After almost 98 years in the making, New York’s Second Avenue Subway has finally opened, which will make getting to and from the Upper East Side a little easier. Originally announced and proposed in 1918 the contentious subway line has had more than its fair share of false starts over the better part of the last century.
The initial 1918 requirements for the proposed 2nd Ave subway, line that would run parallel to the existing line running underneath Lexington Ave, were called for due to the overcrowding problems that were already being experienced on Lexington Ave line. The first attempt at getting the project off the ground came to a dramatic halt in 1929 with the onset of the great depression.
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This run of bad luck continued for years to come as setback after set back turned the project into a running joke for residents of the Upper East Side where the running joke was that they wouldn’t see it in their lifetimes.
Work did originally commence in 1972 however again ground to halt when funds dried up and the work sat dormant for another 30+ years. Finally in early 2006 the Metropolitan Transit Authority (MTA) gave approval for 3 new stations to be built on 72nd, 86th & 96th Streets as well as an upgrade to the F train station at Lexington Ave and 53rd Street.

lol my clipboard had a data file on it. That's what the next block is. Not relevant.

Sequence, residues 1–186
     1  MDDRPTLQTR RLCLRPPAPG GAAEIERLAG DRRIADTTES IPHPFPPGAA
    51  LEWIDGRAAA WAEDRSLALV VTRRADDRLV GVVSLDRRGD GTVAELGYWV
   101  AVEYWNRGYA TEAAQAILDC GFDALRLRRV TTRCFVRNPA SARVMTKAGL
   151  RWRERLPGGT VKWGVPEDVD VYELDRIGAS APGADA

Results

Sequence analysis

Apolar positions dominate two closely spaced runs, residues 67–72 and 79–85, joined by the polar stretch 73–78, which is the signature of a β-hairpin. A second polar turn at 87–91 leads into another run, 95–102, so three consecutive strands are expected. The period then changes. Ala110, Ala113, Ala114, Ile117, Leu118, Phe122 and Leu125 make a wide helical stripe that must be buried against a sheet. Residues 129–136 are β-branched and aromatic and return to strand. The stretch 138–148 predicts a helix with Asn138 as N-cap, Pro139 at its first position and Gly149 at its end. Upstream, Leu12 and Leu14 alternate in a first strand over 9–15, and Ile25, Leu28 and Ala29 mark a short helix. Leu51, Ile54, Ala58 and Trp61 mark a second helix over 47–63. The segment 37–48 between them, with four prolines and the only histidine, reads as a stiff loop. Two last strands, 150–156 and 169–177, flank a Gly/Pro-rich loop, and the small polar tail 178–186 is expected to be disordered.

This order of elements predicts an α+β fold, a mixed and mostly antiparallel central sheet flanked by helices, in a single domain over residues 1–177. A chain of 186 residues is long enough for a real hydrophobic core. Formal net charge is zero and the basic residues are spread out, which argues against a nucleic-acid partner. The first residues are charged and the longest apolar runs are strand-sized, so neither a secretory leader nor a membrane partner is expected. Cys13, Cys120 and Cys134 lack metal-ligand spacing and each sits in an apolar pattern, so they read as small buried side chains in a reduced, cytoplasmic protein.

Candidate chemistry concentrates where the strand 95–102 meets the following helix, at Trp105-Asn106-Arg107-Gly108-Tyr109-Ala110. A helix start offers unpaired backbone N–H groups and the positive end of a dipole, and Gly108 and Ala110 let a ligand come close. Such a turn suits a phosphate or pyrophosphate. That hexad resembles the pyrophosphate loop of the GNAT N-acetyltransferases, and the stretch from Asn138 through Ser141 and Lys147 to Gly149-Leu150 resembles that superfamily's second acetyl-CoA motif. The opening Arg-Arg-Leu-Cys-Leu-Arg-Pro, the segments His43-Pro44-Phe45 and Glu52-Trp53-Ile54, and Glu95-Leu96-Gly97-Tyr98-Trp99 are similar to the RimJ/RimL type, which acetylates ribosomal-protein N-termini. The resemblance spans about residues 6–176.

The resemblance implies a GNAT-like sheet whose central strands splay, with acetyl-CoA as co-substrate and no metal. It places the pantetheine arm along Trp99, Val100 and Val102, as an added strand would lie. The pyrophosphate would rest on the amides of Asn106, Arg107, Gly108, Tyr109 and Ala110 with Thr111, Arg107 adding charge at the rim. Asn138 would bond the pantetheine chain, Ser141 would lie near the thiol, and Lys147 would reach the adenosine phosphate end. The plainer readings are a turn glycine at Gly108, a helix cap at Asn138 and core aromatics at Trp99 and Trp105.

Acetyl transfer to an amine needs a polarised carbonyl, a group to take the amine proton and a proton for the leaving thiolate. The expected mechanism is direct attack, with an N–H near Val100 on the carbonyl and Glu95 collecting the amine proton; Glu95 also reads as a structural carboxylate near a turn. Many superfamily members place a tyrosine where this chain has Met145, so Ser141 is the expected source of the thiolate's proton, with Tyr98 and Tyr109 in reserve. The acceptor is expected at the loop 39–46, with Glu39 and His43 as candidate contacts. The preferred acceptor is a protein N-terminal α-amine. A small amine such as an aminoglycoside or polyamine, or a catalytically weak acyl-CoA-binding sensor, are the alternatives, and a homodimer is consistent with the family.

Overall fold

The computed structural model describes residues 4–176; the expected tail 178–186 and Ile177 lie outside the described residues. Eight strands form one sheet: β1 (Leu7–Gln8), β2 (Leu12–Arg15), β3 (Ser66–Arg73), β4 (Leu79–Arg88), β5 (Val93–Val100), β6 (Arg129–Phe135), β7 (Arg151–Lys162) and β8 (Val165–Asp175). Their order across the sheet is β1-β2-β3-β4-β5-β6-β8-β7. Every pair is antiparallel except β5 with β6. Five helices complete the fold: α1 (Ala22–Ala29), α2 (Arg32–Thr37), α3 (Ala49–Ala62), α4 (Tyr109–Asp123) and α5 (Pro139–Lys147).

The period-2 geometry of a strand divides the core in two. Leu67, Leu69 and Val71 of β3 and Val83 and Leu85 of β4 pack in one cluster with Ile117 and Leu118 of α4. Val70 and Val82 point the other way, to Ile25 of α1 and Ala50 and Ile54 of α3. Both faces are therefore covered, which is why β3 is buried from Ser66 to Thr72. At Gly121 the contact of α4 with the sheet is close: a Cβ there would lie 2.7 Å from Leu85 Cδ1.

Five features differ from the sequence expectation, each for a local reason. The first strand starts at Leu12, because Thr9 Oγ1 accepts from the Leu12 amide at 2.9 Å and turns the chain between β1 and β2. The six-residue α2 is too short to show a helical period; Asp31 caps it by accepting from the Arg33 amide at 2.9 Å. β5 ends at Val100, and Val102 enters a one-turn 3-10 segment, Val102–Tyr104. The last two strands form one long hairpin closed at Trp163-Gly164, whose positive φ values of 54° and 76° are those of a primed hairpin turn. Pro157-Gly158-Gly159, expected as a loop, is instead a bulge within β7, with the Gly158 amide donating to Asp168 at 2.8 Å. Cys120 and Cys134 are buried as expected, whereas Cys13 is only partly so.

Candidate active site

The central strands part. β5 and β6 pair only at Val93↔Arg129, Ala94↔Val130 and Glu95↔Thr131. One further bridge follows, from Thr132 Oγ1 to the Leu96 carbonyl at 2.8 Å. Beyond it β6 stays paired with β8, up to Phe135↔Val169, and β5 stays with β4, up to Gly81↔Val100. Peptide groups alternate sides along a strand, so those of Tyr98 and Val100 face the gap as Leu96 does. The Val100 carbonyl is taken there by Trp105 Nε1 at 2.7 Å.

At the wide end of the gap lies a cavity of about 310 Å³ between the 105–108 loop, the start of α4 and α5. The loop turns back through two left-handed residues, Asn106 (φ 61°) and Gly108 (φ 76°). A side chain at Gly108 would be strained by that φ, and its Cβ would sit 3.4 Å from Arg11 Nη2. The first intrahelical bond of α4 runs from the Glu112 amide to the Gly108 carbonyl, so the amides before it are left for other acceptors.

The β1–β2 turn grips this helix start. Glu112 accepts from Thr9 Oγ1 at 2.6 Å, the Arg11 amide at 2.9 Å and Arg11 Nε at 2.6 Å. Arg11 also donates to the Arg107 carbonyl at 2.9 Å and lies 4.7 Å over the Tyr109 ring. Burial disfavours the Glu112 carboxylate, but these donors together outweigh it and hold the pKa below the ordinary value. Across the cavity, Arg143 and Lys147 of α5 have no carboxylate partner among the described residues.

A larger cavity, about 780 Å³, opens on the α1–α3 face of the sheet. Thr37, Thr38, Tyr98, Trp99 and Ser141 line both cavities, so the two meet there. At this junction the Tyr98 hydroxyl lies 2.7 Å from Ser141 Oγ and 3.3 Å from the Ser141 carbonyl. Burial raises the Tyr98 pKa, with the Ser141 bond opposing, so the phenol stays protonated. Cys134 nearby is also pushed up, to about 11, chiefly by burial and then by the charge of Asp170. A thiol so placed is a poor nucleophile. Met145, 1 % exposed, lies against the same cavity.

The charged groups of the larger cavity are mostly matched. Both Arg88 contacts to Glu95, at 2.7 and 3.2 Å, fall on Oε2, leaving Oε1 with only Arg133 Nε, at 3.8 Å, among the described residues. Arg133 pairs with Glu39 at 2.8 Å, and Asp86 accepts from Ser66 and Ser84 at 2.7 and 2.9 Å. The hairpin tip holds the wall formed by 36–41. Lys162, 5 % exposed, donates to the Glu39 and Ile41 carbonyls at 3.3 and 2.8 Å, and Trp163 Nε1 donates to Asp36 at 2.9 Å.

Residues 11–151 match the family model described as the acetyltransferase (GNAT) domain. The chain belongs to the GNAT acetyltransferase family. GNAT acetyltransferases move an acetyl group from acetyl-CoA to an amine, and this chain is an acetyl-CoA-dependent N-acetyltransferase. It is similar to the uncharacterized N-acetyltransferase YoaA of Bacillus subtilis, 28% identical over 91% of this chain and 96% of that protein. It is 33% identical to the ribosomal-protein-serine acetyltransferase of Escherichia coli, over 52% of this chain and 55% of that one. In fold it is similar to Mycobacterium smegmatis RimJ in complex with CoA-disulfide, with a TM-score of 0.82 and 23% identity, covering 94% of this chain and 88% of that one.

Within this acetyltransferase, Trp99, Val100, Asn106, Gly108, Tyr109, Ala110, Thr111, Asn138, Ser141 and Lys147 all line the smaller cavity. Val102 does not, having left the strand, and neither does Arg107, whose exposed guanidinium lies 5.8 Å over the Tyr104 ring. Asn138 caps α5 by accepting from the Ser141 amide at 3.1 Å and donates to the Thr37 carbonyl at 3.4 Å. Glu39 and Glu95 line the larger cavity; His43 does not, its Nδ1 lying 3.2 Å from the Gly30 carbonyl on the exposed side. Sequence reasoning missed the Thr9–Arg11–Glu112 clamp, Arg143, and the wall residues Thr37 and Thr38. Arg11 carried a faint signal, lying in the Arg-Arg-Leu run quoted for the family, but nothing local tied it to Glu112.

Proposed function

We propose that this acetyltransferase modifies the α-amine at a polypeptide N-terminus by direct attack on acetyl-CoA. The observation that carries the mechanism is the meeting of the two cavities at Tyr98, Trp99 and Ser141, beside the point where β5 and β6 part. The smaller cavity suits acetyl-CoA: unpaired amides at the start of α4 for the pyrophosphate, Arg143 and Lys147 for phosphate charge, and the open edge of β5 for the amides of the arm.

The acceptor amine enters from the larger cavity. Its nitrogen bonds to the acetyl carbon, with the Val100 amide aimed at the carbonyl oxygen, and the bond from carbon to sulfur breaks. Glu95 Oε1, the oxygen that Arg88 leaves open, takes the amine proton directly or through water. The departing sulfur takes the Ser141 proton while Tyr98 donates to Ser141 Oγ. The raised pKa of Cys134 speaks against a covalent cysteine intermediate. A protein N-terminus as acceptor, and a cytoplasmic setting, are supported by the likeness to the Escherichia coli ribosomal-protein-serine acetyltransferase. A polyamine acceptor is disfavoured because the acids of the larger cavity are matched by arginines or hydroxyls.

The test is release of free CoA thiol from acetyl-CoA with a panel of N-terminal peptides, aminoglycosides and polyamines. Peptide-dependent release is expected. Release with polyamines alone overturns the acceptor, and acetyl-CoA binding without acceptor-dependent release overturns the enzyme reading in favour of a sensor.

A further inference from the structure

While the work over the next 10 years cause concerns for local residents and businesses, with many unable to withstand the disruption to their business and forced to cease their operations, January 2017 heralded in a new era for the troubled MTA network in New York with the new line finally opening on January 1st.
One of the biggest reasons for celebrations of local residents was that they were able to access brand new station facilities which were the envy of other riders across that network. The presence of artwork, brand new shops and concessions and the lack of rubbish and rats provided first time riders and visitors the chance to experience something very different on the New York subway.
While stages 2 – 4 of the 2nd Avenue Subway line project are still to be finalised, specifically the financing of the project, New Yorkers can enjoy an easier way to access parts of the Upper West Side that were previously solely accessible by bus, taxi, bicycles and on foot.
While the new line itself won’t make a huge difference for Australians visiting New York in its own right, what it will do is provide locals better access during peak hours to the mainly residential neighbourhood. It will mean that tourists using the existing 4, 5 & 6 Green lines which run through the UES should experience less passengers during the busy morning and evening commutes.
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It will also make it slightly easier to get to some of the hotels and apartments (if using AirBnB for your stay) that are located on the Eastern edges of the Upper East Side.